Teaching part of family DNA

In Education Week we profile some of our principals leading the schools they attended as students.

Image: Nicole Molloy as school captain in 1984 sitting next to the then principal Fred Armstrong and the other student prefects.

Nicole Molloy has a black and white photograph of her mother standing beside the class of first-grade students she taught at Woollahra Demonstration School in 1972.

It’s a classic school photo: girls in pigtails and boys in school ties. Some of the children have their chests puffed out, others look shyly at the camera.

Woollahra was Sandra Molloy’s second teaching placement but, pregnant with Nicole at a time when there was no maternity leave, she would soon have to resign from the eastern suburbs school.

The Molloys were a family of teachers. Nicole Molloy’s father, Bruce, held a number of positions in the Department of Education, including Inspector of Schools. After the birth of their two children, Sandra returned to teaching and ended up as the inaugural principal at Maroubra’s Mt Sinai College.

But Woollahra Public School always held a special place in Molloy family memories.

“Mum used to speak very fondly of her time teaching at Woollahra,” said Ms Molloy, who was a student in the school’s OC classes in 1983-84 and is now school principal.

Ms Molloy said she did not always want to be a teacher, but after completing an Arts degree and a Master of Psychology she decided “to do something practical to get a job”. Teaching was a world she knew well.

“It was a job that I felt could pull together all of my interests and passions. The minute I did my first prac I just didn’t look back,” she said.

Ms Molloy’s first placement was at Bexley North Public School, followed by an eight-year stint at South Coogee Public as an assistant principal, deputy principal and relieving principal.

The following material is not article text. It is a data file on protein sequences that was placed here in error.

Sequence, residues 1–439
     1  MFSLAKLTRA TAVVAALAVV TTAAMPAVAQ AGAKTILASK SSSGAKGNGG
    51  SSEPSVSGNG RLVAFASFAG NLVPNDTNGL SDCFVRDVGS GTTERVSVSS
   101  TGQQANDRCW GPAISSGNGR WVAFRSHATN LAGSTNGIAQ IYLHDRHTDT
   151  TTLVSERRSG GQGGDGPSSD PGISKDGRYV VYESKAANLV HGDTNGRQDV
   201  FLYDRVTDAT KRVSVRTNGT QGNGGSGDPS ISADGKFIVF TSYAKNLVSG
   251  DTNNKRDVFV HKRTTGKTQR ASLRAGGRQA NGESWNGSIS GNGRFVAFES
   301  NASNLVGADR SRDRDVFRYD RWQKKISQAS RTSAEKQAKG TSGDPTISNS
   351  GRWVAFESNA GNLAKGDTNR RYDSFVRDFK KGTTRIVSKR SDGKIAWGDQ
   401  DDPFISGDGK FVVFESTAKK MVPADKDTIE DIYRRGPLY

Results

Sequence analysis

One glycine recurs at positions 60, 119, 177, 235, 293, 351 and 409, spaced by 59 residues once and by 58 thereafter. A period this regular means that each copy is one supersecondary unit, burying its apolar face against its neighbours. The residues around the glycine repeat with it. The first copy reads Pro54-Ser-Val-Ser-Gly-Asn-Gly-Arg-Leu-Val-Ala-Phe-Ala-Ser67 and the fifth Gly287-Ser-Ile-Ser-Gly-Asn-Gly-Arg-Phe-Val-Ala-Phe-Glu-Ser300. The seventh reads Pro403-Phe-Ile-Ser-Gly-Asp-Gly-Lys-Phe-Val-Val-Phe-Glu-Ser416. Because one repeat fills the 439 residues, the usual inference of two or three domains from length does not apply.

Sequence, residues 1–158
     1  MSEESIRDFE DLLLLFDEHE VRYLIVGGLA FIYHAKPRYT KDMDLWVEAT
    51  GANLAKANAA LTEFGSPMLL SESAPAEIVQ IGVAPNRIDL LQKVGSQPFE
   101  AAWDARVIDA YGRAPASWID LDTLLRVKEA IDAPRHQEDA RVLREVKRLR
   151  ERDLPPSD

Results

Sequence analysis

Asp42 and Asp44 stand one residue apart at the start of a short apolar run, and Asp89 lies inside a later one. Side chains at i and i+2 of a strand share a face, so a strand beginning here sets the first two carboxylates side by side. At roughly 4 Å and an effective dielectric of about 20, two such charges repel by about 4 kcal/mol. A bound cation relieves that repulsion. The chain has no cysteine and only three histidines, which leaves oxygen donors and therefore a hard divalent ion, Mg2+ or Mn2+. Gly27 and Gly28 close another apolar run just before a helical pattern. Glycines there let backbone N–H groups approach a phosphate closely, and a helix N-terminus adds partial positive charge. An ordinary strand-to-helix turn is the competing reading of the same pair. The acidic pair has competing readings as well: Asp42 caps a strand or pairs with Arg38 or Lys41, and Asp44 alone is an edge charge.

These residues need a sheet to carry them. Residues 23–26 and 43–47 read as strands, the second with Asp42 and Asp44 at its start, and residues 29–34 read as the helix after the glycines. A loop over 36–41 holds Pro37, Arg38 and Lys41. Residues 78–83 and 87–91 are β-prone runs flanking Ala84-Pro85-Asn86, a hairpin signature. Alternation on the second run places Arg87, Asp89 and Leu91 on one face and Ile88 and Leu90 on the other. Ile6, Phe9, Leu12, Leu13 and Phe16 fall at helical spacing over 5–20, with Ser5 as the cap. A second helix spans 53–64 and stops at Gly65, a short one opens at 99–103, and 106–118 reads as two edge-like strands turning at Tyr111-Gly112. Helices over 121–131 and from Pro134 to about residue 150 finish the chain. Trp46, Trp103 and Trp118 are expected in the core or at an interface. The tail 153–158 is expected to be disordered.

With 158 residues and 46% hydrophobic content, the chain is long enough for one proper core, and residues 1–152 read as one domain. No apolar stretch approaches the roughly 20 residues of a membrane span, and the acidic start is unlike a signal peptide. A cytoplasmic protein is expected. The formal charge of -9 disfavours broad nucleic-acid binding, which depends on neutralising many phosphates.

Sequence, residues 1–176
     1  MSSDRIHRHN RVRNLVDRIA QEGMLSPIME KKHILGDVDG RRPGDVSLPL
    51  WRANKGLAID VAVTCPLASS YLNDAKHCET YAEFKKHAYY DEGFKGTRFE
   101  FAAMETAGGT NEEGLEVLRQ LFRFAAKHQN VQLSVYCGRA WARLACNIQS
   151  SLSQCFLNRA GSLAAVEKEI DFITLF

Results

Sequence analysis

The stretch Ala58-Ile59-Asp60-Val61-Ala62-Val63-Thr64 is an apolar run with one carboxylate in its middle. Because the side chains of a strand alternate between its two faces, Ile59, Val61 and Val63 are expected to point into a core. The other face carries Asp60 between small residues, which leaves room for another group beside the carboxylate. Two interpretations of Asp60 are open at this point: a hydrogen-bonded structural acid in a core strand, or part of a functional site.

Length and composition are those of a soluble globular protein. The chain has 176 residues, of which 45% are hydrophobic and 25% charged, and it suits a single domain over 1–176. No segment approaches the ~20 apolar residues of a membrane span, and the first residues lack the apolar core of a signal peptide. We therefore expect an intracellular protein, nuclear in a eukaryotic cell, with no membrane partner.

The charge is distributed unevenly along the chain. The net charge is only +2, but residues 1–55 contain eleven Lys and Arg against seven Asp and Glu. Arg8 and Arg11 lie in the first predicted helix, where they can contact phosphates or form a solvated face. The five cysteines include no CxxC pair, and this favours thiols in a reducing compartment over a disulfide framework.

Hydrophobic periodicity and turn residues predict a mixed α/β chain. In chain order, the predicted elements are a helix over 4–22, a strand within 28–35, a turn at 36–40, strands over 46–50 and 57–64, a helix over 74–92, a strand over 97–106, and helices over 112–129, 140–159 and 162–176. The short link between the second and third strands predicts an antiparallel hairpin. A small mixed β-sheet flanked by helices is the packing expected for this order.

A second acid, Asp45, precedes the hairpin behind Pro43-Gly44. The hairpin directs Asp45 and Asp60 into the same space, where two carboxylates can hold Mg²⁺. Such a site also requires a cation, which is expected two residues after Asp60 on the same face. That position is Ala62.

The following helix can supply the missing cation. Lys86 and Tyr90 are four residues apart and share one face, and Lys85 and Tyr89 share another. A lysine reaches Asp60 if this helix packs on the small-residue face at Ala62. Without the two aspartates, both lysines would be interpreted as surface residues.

Her first permanent principal appointment was at Daceyville Public School, where her father had also taught. In 2016, she took the top job at Woollahra.

“It was a lovely circle that I would come to Mum’s school,” Ms Molloy said.

“Some of my fondest memories around doing my teacher training was spending time with Mum, in particular, but also my dad, my great mentor and muse, [talking] about leading schools and the challenges that come with that.”

Fred Armstrong, principal of Woollahra Public when Ms Molloy attended as a student, was another influence in her life.

“It was an innovative school,” Ms Molloy said. “I look at Fred Armstrong’s leadership at the time and talk to people who knew him and they say he was a risk taker, he wasn’t afraid to think outside the box and try new things.”

Her first term as a student at the school was unlike anything she had experienced in her education to that point.

“I came to a classroom where there was no furniture, a big open space and every Monday, we would be given the whole morning to write and then we would share it in class and that really blew me away.

“I had two teachers who were not afraid to delve outside the set syllabus and go with our interests. I value that incredibly because it really has informed my vision of learning.”

Image: Nicole Molloy with her old teachers Jenny Reidy and Maree Tynan in 2017, about a year after she was appointed to the school as principal.

Ms Molloy has remained in contact with those two influential teachers, Jenny Reidy and Maree Tynan, with the teacher-student relationship blossoming into an intellectual bond and friendship.

Ms Reidy said their former pupil ran ideas past them occasionally “but she doesn’t need to”.

“The whole purpose of being a mentor is that you get the person you are working with to a stage where they do not need you,” Ms Reidy said.

Since Ms Molloy began her career, the education system has become more transparent and teachers more scrutinised. The core business of a school principal remains teaching but the job now includes managing multi-million dollar budgets and large workforces.

“We need to be more accountable and that can bring challenges around respect for us as professionals and allowing us to have the autonomy to make the decisions we think are best,” she said.

For all the challenges of being a principal in today’s school system, Ms Molloy said she was pleased with what she and her staff had created at Woollahra Public School.

“I am proud that we are a school that encourages a sense of curiosity, of what else is possible … I am paid to come and learn. There are not many jobs where that is your day.”

  • Old school ties
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